The Ogles were an old and distinguished Northumbrian family, able to trace their ancestry back to the reign of Henry II, if not earlier. Sir Robert Ogle the elder played a leading part in affairs on the Scottish border, and in 1393 he became constable of Roxburgh castle. Not surprisingly, then, he was able to arrange an extremely advantageous marriage for his eldest son, Robert, the subject of this biography, who, in May 1399, became the husband of Sir Thomas Gray’s daughter, Maud. Through her mother, Joan, a daughter of John, Lord Mowbray (d. bef. 1368), and sister of Thomas Mowbray, duke of Norfolk (d.1399), Maud was related to several members of the English baronage, while her brother, William Gray, was destined to become bishop of London in 1426, and later, in 1431, of Lincoln. At the time of their marriage, the young couple received from Sir Thomas an estate in Lowick. Further opportunities for advancement came Robert’s way a few months later, on the triumphant return from exile of Henry of Bolingbroke, who mounted the throne on 30 Sept. 1399, and promptly rewarded him with an annuity of 20 marks, payable for life ‘for good and praiseworthy service’. Robert was indeed fortunate to stand well with the King, because after he fell into the hands of the Scots a few months later, Henry IV gave him 100 marks towards the cost of his ransom.8 Bishop Skirlaw of Durham also sought to retain Robert’s services; and when, in 1403, the five principal offices of his liberty of Norhamshire and Islandshire (which were customarily held in plurality by a prominent local figure) fell vacant, he offered him the appointment. Robert was confirmed in office by Skirlaw’s successor, Thomas Langley, three years later, by which time his father, Sir Robert, was growing old and wished to set his affairs in order. From his aged mother, Ellen Bertram (d.1403), Sir Robert had recently inherited a life interest in the manor and castle of Bothal. First the reversion and then the life interest itself were settled upon his second son, John, to whom he paid an annual rent of £200 for use of the property, until, in 1409, the young man himself took up residence there. John, who had already adopted the name of Bertram, was clearly his father’s favourite, for he, rather than Robert, was chosen to execute the elderly knight’s will. Another brother, named Alexander, had already been promised land and tenements in Ingram, Angrave and Tynemouth, but he died young without issue. Although Robert now stood to inherit Alexander’s share, along with all the rest of the family estates, comprising the manors and castles of Ogle, Hepple, Newstead, Sewingshields, Flotterton and North Middleton, the manors of Ellingham, Saltwick, Nedderton, Larbottle and Shilvington, and other holdings in over 30 Northumbrian villages, he still bitterly resented the loss of Bothal, which he determined to seize for himself at the first opportunity.9 Sir Robert died on 31 Oct. 1409, and although he had wished to be buried in a splendid and costly tomb at Whalton, an outbreak of plague made necessary his immediate interment at Hexham. Robert had, no doubt, already begun mustering a private army (which was said to number over 200 strong and to include a contingent of Scots), for within a matter of hours, before the funeral had taken place, he was on the march to Bothal. Despite protests from two j.p.s, Sampson Hardyng* and Sir John Widdrington*, he proceeded to invest the castle, to evict his brother, to make off with goods worth an estimated £200 and to destroy other property and crops valued at the same amount. Bertram’s strongly worded protest to the Parliament of 1410 elicited a prompt response, which led to the restoration of the castle and his brother’s appearance, under heavy sureties, before the royal council. Even so, Robert was far too powerful a figure to suffer disgrace for long. Not only did he gain custody of his inheritance as soon as an assignment of dower had been made to his widowed mother, but he also obtained probate of his father’s will, having assumed without legal title his brother’s role as executor. His relations with Sir John Widdrington appear to have improved, too, since in February 1410 the two men briefly shared between them a valuable cargo of merchandise and Scottish prisoners which had been wrecked off the Northumbrian coast, but which was eventually confiscated by the Crown. Given, moreover, that he was knighted at about this time and sent off on an embassy to Scotland, Sir Robert can hardly be said to have lost any of his influence at Court.10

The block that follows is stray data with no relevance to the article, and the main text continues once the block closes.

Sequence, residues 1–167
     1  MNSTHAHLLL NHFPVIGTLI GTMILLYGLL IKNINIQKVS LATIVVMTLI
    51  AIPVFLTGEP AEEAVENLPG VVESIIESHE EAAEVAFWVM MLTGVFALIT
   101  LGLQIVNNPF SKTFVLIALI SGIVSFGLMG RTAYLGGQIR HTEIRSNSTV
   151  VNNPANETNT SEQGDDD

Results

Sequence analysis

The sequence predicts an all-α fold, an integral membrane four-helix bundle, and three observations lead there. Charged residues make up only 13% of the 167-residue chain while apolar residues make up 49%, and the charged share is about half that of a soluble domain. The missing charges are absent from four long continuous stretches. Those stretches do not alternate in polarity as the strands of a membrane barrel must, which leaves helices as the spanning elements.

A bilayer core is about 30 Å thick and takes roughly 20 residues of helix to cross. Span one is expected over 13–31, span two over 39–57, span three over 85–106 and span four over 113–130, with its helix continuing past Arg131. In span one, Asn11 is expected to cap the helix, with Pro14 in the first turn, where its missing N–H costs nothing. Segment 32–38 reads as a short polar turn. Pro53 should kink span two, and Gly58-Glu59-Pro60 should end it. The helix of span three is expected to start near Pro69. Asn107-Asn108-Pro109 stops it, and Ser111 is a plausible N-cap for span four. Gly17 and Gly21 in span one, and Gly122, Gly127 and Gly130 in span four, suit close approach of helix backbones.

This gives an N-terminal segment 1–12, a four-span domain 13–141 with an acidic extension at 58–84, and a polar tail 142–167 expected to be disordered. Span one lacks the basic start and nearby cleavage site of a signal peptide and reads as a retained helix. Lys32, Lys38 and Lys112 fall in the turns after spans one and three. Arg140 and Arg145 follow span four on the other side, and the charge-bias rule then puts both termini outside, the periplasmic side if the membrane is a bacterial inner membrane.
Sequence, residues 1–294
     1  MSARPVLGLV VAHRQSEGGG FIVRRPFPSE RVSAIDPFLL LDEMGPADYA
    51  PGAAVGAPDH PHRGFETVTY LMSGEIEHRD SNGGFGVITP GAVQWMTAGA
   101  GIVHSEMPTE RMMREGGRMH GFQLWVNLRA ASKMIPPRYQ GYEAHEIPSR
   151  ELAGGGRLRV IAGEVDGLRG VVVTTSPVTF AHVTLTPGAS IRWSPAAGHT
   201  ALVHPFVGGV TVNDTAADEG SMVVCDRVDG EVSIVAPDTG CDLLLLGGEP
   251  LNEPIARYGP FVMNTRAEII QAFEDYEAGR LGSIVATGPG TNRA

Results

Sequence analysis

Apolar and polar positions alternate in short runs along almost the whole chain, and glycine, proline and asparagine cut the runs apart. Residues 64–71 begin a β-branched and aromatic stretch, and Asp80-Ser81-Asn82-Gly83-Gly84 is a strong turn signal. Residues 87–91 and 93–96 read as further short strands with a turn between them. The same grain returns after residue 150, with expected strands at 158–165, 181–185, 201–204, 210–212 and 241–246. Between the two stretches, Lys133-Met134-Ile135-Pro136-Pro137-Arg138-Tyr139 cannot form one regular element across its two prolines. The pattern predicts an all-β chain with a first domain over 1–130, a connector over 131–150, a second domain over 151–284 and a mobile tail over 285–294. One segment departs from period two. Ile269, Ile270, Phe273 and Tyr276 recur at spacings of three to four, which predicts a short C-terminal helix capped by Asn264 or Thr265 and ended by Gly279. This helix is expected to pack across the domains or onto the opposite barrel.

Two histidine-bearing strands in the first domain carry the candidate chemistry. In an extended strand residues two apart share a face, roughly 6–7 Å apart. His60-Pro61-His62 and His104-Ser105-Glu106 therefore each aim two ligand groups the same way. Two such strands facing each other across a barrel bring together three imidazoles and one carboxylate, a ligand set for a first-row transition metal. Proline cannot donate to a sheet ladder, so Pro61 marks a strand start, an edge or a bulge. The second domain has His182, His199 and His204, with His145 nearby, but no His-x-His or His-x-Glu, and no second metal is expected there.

Sir Robert Ogle was related by marriage to Edward, duke of York, and his brother, Richard (cr. earl of Cambridge in 1414), to both of whom, in February 1412, he offered securities of 100 marks. The reason for this transaction is now unclear, but a few months later Sir Robert became closely involved in other dealings with Sir Richard Arundel, who provided guarantees worth 600 marks that he could enjoy, uninterrupted, the tenancy of land in Ellingham, Newstead and ‘Osberewyke’ in Northumberland. Some of these holdings, at least, came to him as a result of the partition of the estates of John Heron, an undertaking which seems to have been effected without the rancour and hostility characteristic of such events, and which actually led Sir Robert to strike up a friendship with the other claimant, Robert Harbottle*. Plans for a marriage alliance between their two families may well have been mooted at this juncture, as a means of reuniting the properties in single ownership, although it was not until 1424, some years after Harbottle’s death, that one of Ogle’s daughters married his son and heir. The latter’s accession to the extensive estates of Sir Bertam Monbourcher* shortly afterwards made this a particularly shrewd move in terms of dynastic politics. Sir Robert was, meanwhile, confirmed in his annuity of 20 marks by Henry V in January 1415, and clearly felt little sympathy for any plot to overthrow the house of Lancaster. Both his brother-in-law, Sir Thomas Gray, and his kinsman, the earl of Cambridge, did, however, conspire against the King at Southampton in July following, and were executed for treason just before the royal army set sail for France. Sir Robert wisely kept his distance in the north, loyally protecting the Scottish border from invasion. He entered the House of Commons for the first time in March 1416, having already attended at least one of the parliamentary elections for Northumberland some three years earlier. (He was later present at those of 1421 (May) and 1427 as well.) The death of his mother, Joan, at a fairly advanced age in the autumn of 1416 further enhanced his position in county society, since besides her customary third share of the Ogle estates, she also held land in Lowick, Coldmartin, Bamburgh, Unthank and Tritlington in Northumberland, which had belonged to her late father, Sir Alan Heton. All of this descended directly to Sir Robert, whose landed income must by now have been quite considerable, notwithstanding periodic devastation by the Scots.11